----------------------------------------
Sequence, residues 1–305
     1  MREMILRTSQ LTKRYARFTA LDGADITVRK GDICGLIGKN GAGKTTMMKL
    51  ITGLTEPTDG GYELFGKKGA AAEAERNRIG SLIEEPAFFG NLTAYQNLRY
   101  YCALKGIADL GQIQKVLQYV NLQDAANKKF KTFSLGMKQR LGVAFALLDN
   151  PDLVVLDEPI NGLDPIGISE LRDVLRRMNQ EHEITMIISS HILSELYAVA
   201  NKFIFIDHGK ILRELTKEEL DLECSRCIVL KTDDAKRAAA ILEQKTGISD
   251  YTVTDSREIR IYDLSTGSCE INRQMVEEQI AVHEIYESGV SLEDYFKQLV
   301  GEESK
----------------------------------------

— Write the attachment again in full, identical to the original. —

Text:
Sequence, residues 1–305
     1  MREMILRTSQ LTKRYARFTA LDGADITVRK GDICGLIGKN GAGKTTMMKL
    51  ITGLTEPTDG GYELFGKKGA AAEAERNRIG SLIEEPAFFG NLTAYQNLRY
   101  YCALKGIADL GQIQKVLQYV NLQDAANKKF KTFSLGMKQR LGVAFALLDN
   151  PDLVVLDEPI NGLDPIGISE LRDVLRRMNQ EHEITMIISS HILSELYAVA
   201  NKFIFIDHGK ILRELTKEEL DLECSRCIVL KTDDAKRAAA ILEQKTGISD
   251  YTVTDSREIR IYDLSTGSCE INRQMVEEQI AVHEIYESGV SLEDYFKQLV
   301  GEESK